Super Submarine is toast
The Super Submarine Sandwich Shop, a popular lunch destination for many U of M students, will be closed in the next six months to accommodate a new unnamed project. photo By Chris Wieland | staff
At lunchtime, University of Memphis students and Memphians from all over town form a line, sometimes out the door, in anticipation of the words, "Soft bread? Hard bread?"
The Super Submarine Sandwich Shop has been a landmark on the Highland strip for close to 40 years, but soon the building "where a foot is a foot" will no longer sit at 614 South Highland.
"I've heard someone has bought that building and is tearing it down," said Andy Jameson, salesman at Peddler Bike Shop across the street. "It would be a loss of a good lunch. I go there at least once a week."
What Jameson heard - and the rumor that has been floating around Facebook and Twitter - is true.
The connected row of buildings containing the sandwich shop, Southern Meat Market, Whatever smoke shop and several vacant spaces are in the process of being sold to an unknown buyer who plans to tear them down.
Palmer Brothers, Inc., a commercial real estate firm in Midtown, is processing a contract between the current owners and the unknown buyer.
"The buyer and seller are under contract," said Kathy Young, bookkeeper for Palmer Brothers. "Tenants have been given notice and a time period of six months, which is a best guess. It will be at least six months - maybe longer. Once the deal is finalized, the buildings will be torn down."
Super Submarine Sandwich Shop's owners said that with such loyal customers, they don't want to leave the Highland area.
"We don't want to move," they said. "We have long-time history. Customers are like friends."
Shelby County Property Assessor Cheyenne Johnson assessed the land on which the buildings sit for $256,500 and the buildings themselves for $437,400.
According to the Shelby County Property Assessors website, the buildings and surrounding land are owned by Harry and Sally Walton and Marion Madison.
Adam Ali, manager of the Z Highland Street Market, said a 92-year-old woman owned the properties. When she died, she left the land and property to her relatives, he said.
Palmer Brothers, Inc. is also managing the sale of the Z market. There are no reports of it being torn down at this time. The market was assessed for $177,000, the land for $40,100.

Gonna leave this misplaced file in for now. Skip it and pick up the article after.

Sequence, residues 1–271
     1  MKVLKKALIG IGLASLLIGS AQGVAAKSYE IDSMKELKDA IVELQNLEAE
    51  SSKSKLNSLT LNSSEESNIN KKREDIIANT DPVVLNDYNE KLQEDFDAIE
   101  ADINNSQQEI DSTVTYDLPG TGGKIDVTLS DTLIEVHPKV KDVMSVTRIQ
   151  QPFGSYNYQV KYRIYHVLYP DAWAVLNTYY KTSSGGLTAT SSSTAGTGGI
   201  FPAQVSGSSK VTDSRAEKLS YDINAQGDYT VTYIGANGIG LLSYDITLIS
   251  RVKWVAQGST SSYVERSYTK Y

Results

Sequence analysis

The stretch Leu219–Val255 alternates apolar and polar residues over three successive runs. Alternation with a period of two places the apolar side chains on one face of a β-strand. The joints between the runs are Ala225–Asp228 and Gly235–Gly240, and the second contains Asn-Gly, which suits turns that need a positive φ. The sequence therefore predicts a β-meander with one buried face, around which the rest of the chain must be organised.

An employee of the Shelby County Assessor's Office said the assessed values listed often don't reflect what the property sells for on the real estate market.
The properties have been for sale for years, Ali said. Whatever and the Z Market have a six-month lease, but the sub shop pays rent on a monthly basis.
"Every month we don't know," the sub shop's owners said. "We never know. They always want to sell, but never got [an] offer."
Many business owners thought the acquisition may be part of the University's Ten-Year Plan, but Tony Poteet, assistant vice president of campus planning and development, confirmed over a phone call yesterday that it was not.
"[Those properties] are not in our approved land acquisition area," Poteet said.
Either way, the property is being sold, and the sub shop has to go. Sub shop owners say they are not sure where they will move when their six-month notice is up.
"No idea," they said. "It's not easy [with] no rental space [on Highland]."
Ashley Mullen, alumna, first discovered the shop when she was a nursing student at the U of M. Since graduating in 2005, she has moved to Cordova, but still stops by for a sub as often as she can.
"It's like a town legend," she said. "Any time I get in the [Interstate 240] loop it's close enough for me."
Even if the Super Submarine Sandwich Shop has to move, Mullen and other loyal customers will still be willing to make the drive for their option of "soft bread, hard bread."
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